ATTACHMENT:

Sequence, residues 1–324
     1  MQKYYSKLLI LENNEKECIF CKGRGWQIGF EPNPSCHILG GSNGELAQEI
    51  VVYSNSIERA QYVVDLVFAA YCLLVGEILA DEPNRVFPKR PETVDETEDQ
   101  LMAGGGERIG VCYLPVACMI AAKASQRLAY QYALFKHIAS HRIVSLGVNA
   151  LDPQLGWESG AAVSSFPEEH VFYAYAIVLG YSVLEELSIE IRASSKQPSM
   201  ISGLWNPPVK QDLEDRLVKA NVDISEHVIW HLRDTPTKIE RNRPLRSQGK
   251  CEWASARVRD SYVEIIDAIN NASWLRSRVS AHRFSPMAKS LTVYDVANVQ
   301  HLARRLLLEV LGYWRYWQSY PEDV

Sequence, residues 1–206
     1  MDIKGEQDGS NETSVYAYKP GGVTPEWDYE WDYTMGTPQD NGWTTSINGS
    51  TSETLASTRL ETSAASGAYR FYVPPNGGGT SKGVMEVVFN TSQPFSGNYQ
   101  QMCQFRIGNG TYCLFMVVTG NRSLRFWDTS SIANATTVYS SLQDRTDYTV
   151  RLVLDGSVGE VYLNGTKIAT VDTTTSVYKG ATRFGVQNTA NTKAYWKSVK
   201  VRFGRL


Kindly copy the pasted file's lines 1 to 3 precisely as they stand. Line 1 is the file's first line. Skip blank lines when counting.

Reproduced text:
Sequence, residues 1–324
     1  MQKYYSKLLI LENNEKECIF CKGRGWQIGF EPNPSCHILG GSNGELAQEI
    51  VVYSNSIERA QYVVDLVFAA YCLLVGEILA DEPNRVFPKR PETVDETEDQ